Probably the ultimate in nihilism in cinema, is with Mike Leigh’s Naked. On paper it’s a film that just shouldn’t work. How do you go to a studio exec or a distributor and pitch a film about a manic depressive nihilist, who talks to random misfits on a night odyssey through London? It doesn’t sound like a barrel of laughs, and we’re never promised redemption or life altering epiphanies (after all, at the base of the film, though oddly ethereal for Leigh’s CV, still has some roots in kitchen sink). Johnny (an exceptional David Thewlis) is certainly persuasive in his viewpoints. He’s also under no doubt of his own nihilism and the unerring hopelessness of existence (particularly with an apocalypse fascination). Yet the film treads a parabolic line throughout, and is like an odd fairy tale. It’s stunningly shot too, particularly those listless and nomadic wanderings through London. Johnny focuses his nihilism on egocentric philosophising and intellectualism. He knows life is shit, meaningless and the ultimate demise is just around the corner, and finds some of his only flights of passion in imposing his intellect and knowledge on willing (sometimes unwilling) listeners. He’s smarter than them and he knows it.
It’s interesting too that Leigh throws a counterpoint to Johnny in the film with Jeremy (Greg Cruttwell). Their similarities extend to unescapable fatalism, and sexual urges (as exercises in lustful whims satisfied) over any sense of passion or feeling. In Jeremy’s case his fate is the inevitably of time and mortality. Losing his youth is the death sentence, and he’s engaging, without belief or moral compass, in whatever he wants at a given moment (he plans to off himself before hitting 40). Both men have reached a stage in their sexual pursuits that nothing fulfils them there, and their pursuits become increasingly violent or perverse. A key difference between the pair is that Jeremy focuses his non physical pursuits to material possessions and wealth (things that matter little to Johnny). The disconnect between them and everyone else is all too clear. It’s beautifully summed up in one of the films simplest shots, which is an almost voyeuristic long lens of Johnny stood outside a tube station watching the world go by. Dozens pass in the bustling street, but he has no kind of emphatic connections to anyone. It’s written on Thewlis’ face as he looks at people as if the Martians have landed. For a time it’s almost painful, and perhaps confusing. Maybe he’s wondering just why these people can believe in anything but impending doom.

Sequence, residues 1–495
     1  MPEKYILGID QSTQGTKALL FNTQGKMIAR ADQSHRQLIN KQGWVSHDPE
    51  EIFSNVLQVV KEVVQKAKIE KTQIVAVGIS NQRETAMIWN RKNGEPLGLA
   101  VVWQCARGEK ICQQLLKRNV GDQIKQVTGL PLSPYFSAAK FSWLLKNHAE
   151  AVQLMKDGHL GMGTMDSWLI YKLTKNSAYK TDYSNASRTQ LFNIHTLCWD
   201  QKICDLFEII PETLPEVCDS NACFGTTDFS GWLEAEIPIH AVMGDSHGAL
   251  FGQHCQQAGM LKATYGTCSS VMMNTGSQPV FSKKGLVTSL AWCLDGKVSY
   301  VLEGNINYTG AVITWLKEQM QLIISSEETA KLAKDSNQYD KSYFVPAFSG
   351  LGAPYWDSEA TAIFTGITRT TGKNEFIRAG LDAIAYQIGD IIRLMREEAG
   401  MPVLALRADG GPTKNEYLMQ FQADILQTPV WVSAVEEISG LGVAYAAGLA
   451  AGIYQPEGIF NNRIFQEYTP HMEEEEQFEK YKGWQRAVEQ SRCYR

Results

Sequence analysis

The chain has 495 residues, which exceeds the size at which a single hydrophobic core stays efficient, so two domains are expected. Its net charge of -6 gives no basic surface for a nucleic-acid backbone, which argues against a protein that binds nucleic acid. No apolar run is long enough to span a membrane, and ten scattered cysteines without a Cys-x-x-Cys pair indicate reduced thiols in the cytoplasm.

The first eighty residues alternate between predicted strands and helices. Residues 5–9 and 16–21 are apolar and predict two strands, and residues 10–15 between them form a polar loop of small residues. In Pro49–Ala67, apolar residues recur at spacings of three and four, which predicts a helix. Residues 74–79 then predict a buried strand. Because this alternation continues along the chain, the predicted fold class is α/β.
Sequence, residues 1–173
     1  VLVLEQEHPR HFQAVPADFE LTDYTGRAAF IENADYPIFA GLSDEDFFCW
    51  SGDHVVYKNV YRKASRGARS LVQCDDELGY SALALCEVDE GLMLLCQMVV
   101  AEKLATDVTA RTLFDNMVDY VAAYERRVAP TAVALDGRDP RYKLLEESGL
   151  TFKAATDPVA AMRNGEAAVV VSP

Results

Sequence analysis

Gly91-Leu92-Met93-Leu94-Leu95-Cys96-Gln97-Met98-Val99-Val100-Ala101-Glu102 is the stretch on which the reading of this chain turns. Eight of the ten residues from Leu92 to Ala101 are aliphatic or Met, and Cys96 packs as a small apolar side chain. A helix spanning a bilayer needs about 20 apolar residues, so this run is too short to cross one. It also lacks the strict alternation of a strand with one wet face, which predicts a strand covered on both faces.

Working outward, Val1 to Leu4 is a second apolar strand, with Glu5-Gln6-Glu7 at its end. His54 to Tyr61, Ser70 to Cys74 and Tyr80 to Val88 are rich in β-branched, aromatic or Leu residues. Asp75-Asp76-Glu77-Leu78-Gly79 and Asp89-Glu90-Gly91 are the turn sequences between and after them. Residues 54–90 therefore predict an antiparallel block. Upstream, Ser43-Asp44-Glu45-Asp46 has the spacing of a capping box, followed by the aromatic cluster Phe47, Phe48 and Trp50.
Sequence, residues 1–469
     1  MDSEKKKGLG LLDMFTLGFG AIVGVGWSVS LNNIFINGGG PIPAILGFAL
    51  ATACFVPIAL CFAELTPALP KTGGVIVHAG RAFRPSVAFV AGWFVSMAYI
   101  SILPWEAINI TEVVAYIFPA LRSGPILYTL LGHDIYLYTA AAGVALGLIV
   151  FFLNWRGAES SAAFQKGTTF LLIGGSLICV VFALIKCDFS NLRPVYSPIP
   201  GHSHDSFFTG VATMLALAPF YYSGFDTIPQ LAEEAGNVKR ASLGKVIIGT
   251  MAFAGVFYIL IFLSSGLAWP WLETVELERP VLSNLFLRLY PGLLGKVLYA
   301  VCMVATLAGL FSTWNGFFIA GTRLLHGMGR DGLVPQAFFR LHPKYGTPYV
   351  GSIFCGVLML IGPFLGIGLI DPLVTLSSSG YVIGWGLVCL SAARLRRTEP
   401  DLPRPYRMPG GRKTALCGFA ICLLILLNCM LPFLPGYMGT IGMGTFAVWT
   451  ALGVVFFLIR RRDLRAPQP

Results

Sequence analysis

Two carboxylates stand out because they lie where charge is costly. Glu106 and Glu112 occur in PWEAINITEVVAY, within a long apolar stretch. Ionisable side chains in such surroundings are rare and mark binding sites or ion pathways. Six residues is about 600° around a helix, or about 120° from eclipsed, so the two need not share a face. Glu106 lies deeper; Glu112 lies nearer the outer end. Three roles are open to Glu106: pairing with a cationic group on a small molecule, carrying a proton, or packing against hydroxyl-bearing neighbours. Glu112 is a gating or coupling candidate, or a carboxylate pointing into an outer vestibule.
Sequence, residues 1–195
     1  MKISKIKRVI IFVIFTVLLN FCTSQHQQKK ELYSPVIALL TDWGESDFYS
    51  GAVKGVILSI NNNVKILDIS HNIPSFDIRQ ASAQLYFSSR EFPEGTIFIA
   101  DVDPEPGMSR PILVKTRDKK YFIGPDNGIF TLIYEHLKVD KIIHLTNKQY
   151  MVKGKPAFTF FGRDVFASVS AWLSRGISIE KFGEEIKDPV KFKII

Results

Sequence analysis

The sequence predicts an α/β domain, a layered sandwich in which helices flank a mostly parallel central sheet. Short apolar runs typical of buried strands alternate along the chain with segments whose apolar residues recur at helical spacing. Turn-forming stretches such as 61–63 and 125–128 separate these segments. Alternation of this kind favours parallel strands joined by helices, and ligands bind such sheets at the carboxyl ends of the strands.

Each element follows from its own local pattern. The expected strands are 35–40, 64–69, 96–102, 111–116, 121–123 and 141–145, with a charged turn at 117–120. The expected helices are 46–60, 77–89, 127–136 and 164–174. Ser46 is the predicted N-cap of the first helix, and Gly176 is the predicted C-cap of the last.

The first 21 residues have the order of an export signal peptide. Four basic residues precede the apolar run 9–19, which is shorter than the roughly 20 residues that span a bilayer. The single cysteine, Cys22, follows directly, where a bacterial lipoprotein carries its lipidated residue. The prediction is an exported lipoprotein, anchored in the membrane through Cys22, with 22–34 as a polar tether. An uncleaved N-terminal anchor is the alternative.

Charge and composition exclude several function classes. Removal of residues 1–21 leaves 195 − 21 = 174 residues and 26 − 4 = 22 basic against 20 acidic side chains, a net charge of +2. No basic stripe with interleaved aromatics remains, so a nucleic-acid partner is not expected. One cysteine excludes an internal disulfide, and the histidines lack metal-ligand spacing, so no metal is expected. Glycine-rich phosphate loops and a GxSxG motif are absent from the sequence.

Tom Jolliffe is an award winning screenwriter and passionate cinephile. He has a number of films out on DVD/VOD around the world and several releases due in 2020/21, including The Witches Of Amityville (starring Emmy winner, Kira Reed Lorsch), War of The Worlds: The Attack and the star studded action films, Renegades (Lee Majors, Billy Murray) and Crackdown. Find more info at the best personal site you’ll ever see…https://www.instagram.com/jolliffeproductions/